If you are a college senior or a graduate student in your first or second year of your science or engineering graduate program, apply for the NSF Graduate Research Fellowship. It is highly competitive – success rates range from five to 25 percent depending on your field of study. But a successful effort results in

  • a $32,000-per-year stipend for three years over a five-year award term
  • a tuition allowance (and many schools will pay the remainder of your tuition beyond this allowance)
  • eligibility for an additional $5,000 international research award to work with collaborators in Denmark, Finland, Norway, or Sweden
  • prestige (even increasing your chances for admission to graduate schools and for winning other fellowships)
  • the opportunity to conduct independent research
  • more research funding for your mentor’s lab and research when the most competitive students secure their own funding with an NSF GRF or other external award
  • …and even an unsuccessful initial effort provides valuable training for subsequent fellowship applications to NSF

We offer some advice for preparing a successful application, including tips from former and current NSF Fellows. And below are some helpful resources and sample NSF essays that include reviewers’ feedback.

  1. Apply. If you meet the eligibility requirements, apply. And apply as soon as you are eligible. Seniors compete only against seniors; first-year graduate students compete only against other first-years, etc. Apply all three years if you need to, using the reviewers’ comments to improve your application each time. The reviewers do not know if you have applied before, so previous unsuccessful applications don’t work against you. (If you don’t meet the NSF citizenship eligibility requirements, you might be eligible for the three-year HHMI International Student Research Fellowship.)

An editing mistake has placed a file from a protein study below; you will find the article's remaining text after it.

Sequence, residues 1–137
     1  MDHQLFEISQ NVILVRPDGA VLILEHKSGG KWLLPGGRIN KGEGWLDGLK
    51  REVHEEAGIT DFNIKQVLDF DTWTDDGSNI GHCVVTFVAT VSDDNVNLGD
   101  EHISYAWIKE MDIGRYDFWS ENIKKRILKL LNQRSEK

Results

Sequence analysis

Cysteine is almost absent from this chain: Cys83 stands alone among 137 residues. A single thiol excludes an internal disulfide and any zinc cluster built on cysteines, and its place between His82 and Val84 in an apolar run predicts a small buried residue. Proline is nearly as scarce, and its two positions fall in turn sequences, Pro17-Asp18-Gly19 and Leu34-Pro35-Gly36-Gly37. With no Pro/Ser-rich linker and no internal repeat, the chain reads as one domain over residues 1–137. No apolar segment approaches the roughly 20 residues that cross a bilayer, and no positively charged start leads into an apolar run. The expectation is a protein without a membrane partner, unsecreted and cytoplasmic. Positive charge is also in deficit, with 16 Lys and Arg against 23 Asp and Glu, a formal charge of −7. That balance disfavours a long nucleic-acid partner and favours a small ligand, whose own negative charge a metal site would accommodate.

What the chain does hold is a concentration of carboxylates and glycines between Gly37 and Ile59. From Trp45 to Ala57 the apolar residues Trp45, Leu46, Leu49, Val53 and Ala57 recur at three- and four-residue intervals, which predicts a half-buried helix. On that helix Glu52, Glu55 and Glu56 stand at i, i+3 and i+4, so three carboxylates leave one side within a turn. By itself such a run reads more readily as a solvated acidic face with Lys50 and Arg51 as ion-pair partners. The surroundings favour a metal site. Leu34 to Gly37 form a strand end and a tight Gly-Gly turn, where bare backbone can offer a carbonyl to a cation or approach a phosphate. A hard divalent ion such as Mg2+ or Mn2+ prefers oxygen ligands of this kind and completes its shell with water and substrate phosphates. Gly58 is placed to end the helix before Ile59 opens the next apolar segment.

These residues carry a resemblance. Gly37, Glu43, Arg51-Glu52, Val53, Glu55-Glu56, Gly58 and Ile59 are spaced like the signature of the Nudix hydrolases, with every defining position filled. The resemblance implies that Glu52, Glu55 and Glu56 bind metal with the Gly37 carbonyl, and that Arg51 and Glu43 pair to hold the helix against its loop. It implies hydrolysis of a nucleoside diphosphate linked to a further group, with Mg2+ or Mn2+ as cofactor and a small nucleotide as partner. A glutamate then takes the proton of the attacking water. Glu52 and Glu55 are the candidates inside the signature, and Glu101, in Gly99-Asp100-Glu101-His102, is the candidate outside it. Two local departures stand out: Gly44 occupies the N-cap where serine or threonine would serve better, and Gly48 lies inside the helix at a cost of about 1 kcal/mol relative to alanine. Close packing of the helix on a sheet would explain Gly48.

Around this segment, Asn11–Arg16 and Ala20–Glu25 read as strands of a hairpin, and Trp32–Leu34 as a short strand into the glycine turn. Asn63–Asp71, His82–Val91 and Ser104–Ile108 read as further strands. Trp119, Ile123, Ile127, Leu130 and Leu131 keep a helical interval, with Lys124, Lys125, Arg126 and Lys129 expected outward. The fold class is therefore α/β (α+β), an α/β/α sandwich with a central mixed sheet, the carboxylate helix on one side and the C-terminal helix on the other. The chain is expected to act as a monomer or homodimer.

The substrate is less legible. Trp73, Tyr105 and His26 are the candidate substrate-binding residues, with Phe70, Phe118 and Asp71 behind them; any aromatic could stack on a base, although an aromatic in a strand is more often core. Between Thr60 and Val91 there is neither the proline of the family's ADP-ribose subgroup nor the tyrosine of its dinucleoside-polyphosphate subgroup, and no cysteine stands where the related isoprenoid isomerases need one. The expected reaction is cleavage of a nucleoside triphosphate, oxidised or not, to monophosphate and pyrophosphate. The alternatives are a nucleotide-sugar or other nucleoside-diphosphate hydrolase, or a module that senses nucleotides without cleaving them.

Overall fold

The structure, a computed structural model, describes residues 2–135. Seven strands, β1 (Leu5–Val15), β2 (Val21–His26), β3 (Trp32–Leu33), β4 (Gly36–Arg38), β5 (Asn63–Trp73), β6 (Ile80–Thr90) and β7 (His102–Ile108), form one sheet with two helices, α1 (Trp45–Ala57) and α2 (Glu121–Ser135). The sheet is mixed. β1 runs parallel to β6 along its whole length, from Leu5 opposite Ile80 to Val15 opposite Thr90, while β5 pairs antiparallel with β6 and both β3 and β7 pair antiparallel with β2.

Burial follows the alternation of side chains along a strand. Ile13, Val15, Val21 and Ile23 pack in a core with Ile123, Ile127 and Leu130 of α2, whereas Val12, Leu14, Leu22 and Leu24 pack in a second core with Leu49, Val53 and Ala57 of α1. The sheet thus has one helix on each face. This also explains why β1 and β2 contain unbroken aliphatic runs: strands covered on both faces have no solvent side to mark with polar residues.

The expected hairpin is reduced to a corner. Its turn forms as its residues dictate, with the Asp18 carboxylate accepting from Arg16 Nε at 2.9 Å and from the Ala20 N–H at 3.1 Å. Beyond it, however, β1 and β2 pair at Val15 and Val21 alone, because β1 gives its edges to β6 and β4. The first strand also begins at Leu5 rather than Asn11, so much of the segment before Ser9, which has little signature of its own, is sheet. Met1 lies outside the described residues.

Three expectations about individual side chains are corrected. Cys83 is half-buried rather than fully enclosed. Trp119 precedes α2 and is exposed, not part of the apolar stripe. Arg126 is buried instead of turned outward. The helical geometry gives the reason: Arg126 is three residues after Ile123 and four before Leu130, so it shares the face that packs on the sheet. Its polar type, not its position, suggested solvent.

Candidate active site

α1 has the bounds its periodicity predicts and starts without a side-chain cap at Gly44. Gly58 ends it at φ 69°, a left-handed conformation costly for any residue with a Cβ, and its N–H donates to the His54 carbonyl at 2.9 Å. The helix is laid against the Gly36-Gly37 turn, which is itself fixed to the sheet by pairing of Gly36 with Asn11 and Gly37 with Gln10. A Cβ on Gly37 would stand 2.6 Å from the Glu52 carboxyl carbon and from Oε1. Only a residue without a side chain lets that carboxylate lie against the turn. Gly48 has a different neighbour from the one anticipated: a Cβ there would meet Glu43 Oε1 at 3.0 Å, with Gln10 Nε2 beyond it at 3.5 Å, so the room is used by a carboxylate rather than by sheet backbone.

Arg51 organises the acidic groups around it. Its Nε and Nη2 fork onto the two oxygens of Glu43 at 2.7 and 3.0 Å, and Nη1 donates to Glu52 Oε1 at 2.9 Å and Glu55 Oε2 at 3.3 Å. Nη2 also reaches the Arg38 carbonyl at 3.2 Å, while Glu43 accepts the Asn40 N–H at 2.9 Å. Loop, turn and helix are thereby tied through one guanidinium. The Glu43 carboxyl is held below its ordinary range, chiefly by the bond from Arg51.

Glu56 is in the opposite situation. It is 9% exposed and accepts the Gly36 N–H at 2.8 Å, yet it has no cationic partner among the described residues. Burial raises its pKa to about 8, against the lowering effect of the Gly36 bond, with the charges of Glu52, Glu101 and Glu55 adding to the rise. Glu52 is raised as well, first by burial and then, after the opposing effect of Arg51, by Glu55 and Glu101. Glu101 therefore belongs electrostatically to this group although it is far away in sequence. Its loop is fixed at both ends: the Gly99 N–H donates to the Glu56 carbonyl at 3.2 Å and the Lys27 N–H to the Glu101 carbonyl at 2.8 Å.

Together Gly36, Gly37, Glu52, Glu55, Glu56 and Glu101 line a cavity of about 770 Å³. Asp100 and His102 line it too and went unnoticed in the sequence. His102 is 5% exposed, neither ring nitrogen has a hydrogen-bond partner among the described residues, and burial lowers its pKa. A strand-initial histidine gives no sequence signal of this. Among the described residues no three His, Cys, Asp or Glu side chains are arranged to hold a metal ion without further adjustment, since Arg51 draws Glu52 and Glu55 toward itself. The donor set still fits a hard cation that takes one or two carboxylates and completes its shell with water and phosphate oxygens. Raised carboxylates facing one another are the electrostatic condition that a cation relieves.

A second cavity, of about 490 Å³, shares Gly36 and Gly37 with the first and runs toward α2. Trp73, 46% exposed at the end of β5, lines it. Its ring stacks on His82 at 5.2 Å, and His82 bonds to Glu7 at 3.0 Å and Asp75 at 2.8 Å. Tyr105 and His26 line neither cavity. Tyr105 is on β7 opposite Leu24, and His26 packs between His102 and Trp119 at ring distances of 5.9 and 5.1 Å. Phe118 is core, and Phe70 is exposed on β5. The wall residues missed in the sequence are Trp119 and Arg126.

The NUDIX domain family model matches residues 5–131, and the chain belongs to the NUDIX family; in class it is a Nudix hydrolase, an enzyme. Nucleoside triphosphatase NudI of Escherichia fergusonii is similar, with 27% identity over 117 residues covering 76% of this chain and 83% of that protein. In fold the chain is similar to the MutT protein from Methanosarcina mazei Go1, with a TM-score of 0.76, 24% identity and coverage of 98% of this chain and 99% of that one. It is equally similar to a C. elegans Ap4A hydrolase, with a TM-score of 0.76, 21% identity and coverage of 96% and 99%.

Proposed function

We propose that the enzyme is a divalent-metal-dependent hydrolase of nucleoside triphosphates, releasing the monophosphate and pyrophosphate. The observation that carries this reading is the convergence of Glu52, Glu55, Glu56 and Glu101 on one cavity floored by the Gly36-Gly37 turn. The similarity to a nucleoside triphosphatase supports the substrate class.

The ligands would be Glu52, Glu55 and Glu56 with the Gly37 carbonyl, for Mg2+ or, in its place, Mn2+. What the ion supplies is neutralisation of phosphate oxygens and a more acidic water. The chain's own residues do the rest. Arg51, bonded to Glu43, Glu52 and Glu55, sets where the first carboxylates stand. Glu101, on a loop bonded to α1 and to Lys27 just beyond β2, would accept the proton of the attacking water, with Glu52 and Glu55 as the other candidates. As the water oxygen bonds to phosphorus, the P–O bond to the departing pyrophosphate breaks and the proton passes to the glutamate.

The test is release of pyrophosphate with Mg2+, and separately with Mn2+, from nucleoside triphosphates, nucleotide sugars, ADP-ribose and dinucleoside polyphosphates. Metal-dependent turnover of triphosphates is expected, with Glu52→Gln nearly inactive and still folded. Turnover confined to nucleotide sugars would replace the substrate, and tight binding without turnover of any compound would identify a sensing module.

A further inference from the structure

2. The NSF GRF funds students early in their graduate study. It’s not expected that your research ideas are fully developed or refined. Focus on your accomplishments and previous research experiences. Don’t just tell reviewers what you will do; demonstrate your potential and abilities to do so through your experiences to this point in your academic and research career. Your application must persuade reviewers that you will make significant contributions in science or engineering. Again, don’t tell them, show them.